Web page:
*Japanese Studies General Guide: East Asian Exhibitions

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About This Page

This page, created in conjunction with the "International Women's Day" exhibition, an IAS exhibit series held in 2015, features two notable Japanese female novelists in the 10th century: Murasaki Shikibu and Sei Shonagon.

Female Novelists of 10th Century Japan: Sei Shōnagaon and Murasaki Shikibu

 In terms of quality and quantity, Japanese literature ranks as one of the major literary genres of the world. The initial development of Japanese literature was significantly influenced by China, since there was no native writing system in ancient Japan. Myth, songs, and legends were documented only after the introduction of Chinese characters, as shown in the early 8th century works The Record of Ancient Matters (Kojiki) and The Chronicle of Japan (Nihon shoki). Poetry and prose written in Chinese, kanshi and kanbun, remained popular until the mid-19th century. However, kana was created for the phonetic representation of Japanese by the mid-9th century. Kana was used during the Heian period (794-1185) to write waka poetry and private documents, such as letters and diaries. This writing system was used by women, who were incapable of studying Chinese classics. The introduction of kana led to the development of literary works by women. For example, Ono no Komachi (c. 825-c. 900) is considered one of the “Six Best Waka Poets” of the early Heian period. She is also included in the “Thirty-six Immortals of Poetry” selected by Fujiwara no Kintō, with four other female poets.

 The ascendancy of the Fujiwara regents in the late 10th century, whose power over emperors depended on the reception of their daughters as imperial consorts, resulted in the formation of literary coteries of women in the courts of empresses. These women were the ones responsible for producing the great prose classics of the 11th century in kana. Two superlative prose works distinguish Japanese literature of the period around the year 1000. One is The Pillow Book (Makura no sōshi), the first example of essay collection, written by Sei Shōnagaon (c. 966-1025?), a lady-in-waiting to Empress Teishi (976-1001), the first official Empress of Emperor Ichijō. The other is The Tale of Genji (Genji monogatari), a prose novel of 54 chapters, by Murasaki Shikibu (c. 978-c. 1014), a lady-in-waiting to Empress Shōshi (988-1074), Emperor Ichijō’s second official empress.

Sei Shōnagon

 Sei Shōnagon is a nickname given to her when she served Empress Teishi in the early 990s. Among many court ladies, she displayed a talent and became friends with many contemporary court people. The Pillow Book, regarded as one of the best three zuihitsu (random jottings) works in Japanese literature, gives a detailed account of events and customs at the Heian court through her eyes. She finds something beautiful and something interesting in her surroundings and describes them as “ito okashi (very lovely).” The Pillow Book conveys her vivacious personality and witty style.

 When Teishi’s father, Fujiwara no Michitaka, passed away in 995, the balance of power in the court was shifted to Michitaka’s rival, Fujiwara no Michinaga. The fact that Michinaga unprecedentedly had his daughter Shōshi become another official empress of Ichijō further weakened Teishi’s political influence. Though loved most tenderly by Ichijō, she was placed in an obscure position and died in 1000 after giving a birth to her third child. Sei Shōnagon left the court shortly after Teishi’s death. Though she must have witnessed the misfortunes of Teishi, her Pillow Book is silent about Teishi’s last years and instead glorifies her most prosperous time. The current image of Emperor Teishi, as portrayed by Sei Shōnagon, is that of an elegant lady.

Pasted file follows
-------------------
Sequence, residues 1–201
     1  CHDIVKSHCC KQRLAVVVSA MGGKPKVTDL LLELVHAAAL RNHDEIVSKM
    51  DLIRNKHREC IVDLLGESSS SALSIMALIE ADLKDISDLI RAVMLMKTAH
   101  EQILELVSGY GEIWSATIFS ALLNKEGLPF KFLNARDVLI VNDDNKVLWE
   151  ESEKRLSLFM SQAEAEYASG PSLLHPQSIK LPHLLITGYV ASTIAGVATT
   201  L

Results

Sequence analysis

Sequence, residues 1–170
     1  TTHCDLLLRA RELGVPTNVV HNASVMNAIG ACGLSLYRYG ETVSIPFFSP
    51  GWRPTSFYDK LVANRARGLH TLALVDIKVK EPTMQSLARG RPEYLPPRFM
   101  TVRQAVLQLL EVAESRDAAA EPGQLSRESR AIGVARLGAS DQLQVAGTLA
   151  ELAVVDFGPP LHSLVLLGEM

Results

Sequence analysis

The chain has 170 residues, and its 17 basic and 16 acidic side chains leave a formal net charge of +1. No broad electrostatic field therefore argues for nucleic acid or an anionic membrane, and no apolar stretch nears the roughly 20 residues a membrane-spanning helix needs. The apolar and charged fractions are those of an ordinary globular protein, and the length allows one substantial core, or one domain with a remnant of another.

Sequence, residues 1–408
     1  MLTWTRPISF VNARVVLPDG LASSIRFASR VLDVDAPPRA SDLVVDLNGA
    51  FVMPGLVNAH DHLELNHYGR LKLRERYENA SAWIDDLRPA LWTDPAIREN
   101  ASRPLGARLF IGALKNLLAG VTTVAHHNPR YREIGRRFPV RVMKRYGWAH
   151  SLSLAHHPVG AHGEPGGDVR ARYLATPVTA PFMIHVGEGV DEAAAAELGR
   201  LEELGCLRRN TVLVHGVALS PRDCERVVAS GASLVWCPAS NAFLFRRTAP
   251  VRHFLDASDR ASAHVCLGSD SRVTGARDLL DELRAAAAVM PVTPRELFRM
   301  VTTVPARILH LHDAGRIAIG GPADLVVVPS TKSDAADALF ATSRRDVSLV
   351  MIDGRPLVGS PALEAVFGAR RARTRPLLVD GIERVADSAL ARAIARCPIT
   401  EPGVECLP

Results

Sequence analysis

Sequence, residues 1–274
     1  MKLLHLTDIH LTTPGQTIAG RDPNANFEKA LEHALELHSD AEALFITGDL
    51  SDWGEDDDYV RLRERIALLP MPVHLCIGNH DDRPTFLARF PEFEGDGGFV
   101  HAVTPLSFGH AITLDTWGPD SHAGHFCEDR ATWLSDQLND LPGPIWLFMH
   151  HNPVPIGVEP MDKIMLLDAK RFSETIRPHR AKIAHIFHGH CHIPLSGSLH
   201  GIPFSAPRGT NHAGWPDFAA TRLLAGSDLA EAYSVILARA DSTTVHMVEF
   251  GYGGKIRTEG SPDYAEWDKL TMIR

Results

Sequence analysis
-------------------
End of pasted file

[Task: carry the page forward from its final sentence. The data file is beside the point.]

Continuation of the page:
Sei Shonagon and Murasaki Shikibu

Murasaki Shikibu

 It is said that Murasaki Shikibu began to write The Tale of Genji (Genji monogatari) after she lost her husband in 1001. She circulated chapters of Genji to her friends who would have re-copied them and passed them on. The story became known among the court people and she was requested to serve for Empress Shōshi. While serving at Shōshi’s salon, she continued to write Genji, which vividly reflects the customs of the contemporary imperial court. Her story was well received among the nobles. Her nickname, “Murasaki Shikibu,” is taken from the character “Murasaki.”

 The Tale of Genji, the “first great novel in world literature,” describes the life and loves of the titular prince. He was not granted royal status because his mother, though the most-beloved wife of the reigning emperor, lacked social standing. The prince was given commoner status and the family name Genji. After the death of Genji, the story shifts its focus to his son Kaoru, who is actually the grandson of Genji’s best friend.

 Initially read to and by a small circle of noble people, both The Pillow Book and The Tale of Genji seem to have gained an immediate popularity.  Murasaki Shikibu began to serve at the imperial court after Sei Shōnagon left the palace. They did not concurrently serve at the imperial court.  It is unknown how Sei Shōnagon viewed Murasaki Shikibu or her work, but Murasaki Shikibu, who served Empress Shōshi, was clearly conscious of Sei Shōnagon. Murasaki Shikibu left her personal accounts, known as The Diary of Lady Murasaki (Murasaki Shikibu nikki), in which she expresses her pessimistic view of life in this diary. She also reveals harsh and bitter criticism of Sei Shōnagon, who, according to her, “was dreadfully conceited” and “thought herself so clever, littered her writing with Chinese characters, ‘which’ left a great deal to be desired.” But such comments show how Sei Shōnagon and her work was known among court people even after she left and her sense of rivalry with her reputation as a writer.